- The Washington Times - Sunday, August 15, 2004

CARLISLE, Pa. - When Mike Griffin graduates from Schneider National’s driver training center this summer and starts hauling cargo cross-country for a living, he will be lucky if he sees his girlfriend a few times each month.

Right now, though, the 21-year-old recruit from Eaton, N.Y., mostly has his eye on the job’s perks: a cool truck, no boss hanging over his shoulder and, most of all, “the cheapest, easiest way to see the country.”

Nobody is more eager for Mr. Griffin to fall in love with life on the road than Schneider National. As the economy recovers, large trucking companies such as Schneider are struggling to attract and retain enough drivers to keep up with demand from manufacturers and retailers.

Being away from home for long stretches at a time, driving 500 miles a day and battling traffic is lonely, stressful work. As a result, the industry has a high turnover rate. Limited wage growth since trucking was deregulated in 1979 has exacerbated the problem.

But trucking executives say they have had to work even harder lately as jobs with comparable pay packages open up in construction, agriculture and manufacturing. That means that companies need to lure new drivers and keep veterans from switching to careers that allow them to work closer to home.

“The big challenge we have is the lifestyle commitment that’s required of a trucker,” said Bill Matheson, vice president of truckload services at Schneider, based in Green Bay, Wis. “It is becoming increasingly difficult to fill the trucks right now.”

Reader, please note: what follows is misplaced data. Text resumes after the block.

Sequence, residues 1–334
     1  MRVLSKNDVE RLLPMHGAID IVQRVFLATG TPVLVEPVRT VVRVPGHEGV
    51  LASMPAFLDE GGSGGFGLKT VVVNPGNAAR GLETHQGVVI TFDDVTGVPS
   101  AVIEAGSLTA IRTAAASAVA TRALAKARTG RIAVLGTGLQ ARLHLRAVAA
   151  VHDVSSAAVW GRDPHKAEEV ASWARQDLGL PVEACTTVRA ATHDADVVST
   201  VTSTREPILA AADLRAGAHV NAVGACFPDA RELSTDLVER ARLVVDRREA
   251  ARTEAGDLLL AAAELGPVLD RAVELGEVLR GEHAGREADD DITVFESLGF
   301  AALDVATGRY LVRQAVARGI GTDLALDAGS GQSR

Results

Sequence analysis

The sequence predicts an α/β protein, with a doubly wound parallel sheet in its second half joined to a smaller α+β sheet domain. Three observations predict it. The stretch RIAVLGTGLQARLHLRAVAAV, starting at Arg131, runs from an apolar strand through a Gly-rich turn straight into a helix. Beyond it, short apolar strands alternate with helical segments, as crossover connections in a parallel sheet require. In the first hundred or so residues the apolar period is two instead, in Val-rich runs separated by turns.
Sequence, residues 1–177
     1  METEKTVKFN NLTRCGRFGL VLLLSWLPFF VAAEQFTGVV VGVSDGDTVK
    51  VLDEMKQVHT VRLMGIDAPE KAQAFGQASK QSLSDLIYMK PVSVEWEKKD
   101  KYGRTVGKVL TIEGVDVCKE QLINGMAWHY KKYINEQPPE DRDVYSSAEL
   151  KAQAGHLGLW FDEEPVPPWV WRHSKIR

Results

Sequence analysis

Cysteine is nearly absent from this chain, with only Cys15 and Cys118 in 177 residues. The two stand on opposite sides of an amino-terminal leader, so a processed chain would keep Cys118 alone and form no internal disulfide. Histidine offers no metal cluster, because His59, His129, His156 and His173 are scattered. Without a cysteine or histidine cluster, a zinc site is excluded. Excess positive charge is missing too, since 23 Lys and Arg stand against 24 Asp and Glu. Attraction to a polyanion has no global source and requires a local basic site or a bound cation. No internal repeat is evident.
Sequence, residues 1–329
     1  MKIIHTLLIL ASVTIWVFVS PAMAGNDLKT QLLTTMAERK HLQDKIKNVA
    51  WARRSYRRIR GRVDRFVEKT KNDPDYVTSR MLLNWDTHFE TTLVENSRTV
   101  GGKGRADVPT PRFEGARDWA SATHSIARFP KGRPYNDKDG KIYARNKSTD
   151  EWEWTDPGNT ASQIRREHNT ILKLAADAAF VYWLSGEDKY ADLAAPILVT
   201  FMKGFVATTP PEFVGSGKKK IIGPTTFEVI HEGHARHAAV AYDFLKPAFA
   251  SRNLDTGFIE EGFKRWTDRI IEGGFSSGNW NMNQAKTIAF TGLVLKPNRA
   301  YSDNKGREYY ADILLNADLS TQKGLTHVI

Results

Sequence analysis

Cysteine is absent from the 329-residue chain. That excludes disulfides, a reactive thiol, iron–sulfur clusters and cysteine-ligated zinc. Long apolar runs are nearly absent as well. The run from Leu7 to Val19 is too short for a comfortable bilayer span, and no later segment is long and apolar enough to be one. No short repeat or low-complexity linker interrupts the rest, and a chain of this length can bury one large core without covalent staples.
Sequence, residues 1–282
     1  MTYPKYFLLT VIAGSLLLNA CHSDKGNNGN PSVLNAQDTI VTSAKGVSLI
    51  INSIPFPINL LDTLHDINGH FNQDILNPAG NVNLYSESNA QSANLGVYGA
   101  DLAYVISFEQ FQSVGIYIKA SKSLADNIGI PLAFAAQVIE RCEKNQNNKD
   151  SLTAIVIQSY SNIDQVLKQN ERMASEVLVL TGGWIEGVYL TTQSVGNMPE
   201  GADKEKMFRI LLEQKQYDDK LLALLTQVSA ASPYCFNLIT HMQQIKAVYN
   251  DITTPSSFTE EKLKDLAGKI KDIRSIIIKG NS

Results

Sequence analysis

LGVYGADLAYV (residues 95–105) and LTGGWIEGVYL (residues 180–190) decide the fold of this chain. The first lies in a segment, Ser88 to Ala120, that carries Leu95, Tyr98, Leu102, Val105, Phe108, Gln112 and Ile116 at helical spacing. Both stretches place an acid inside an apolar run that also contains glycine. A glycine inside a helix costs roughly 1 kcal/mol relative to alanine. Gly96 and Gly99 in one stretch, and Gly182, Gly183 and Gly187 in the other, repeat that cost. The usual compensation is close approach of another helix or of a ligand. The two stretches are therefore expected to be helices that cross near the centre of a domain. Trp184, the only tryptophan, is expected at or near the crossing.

Executives at rival companies, such as J.B. Hunt Transport Services Inc. and Swift Transportation Co., expressed similar concerns.

After reporting an 81 percent surge in second-quarter earnings, J.B. Hunt Chief Executive Kirk Thompson said profit margins would remain strong because of rising demand but that “growth … is at a virtual standstill until additional truck drivers are attracted.”

Swift, meanwhile, said it has put about 250 additional drivers into trucks since the year began, but its fleet of 16,000 still has more than 400 empty vehicles.

The industry’s labor troubles are most severe among truckload carriers, companies that dedicate entire trailers to one customer, haul goods over long distances and run irregular routes — meaning that drivers often have little idea where they are going from one week to the next.

Truckload executives lament that they also are losing some of their best and most experienced drivers to what are called less-than-truckload carriers, which consolidate freight from multiple customers and generally make the same short runs repeatedly.

In addition, less-than-truckload drivers typically make about 10 percent more per year, said Bob Costello, chief economist at the American Trucking Associations.

At the Flying J truck stop in Carlisle — just down the street from a hotel advertising an upcoming trucking-industry job fair — longtime hauler Ray McKinsey said one of the hardest adjustments rookie drivers have to make is dispensing with the fantasy that they are “going to have life easy.”

Mr. McKinsey, who is 54 and has driven a truck for more than 30 years, still contemplates other careers, especially when he is stuck in traffic jams for hours. But he knows that with regular weekends off, he has it better than many of his peers.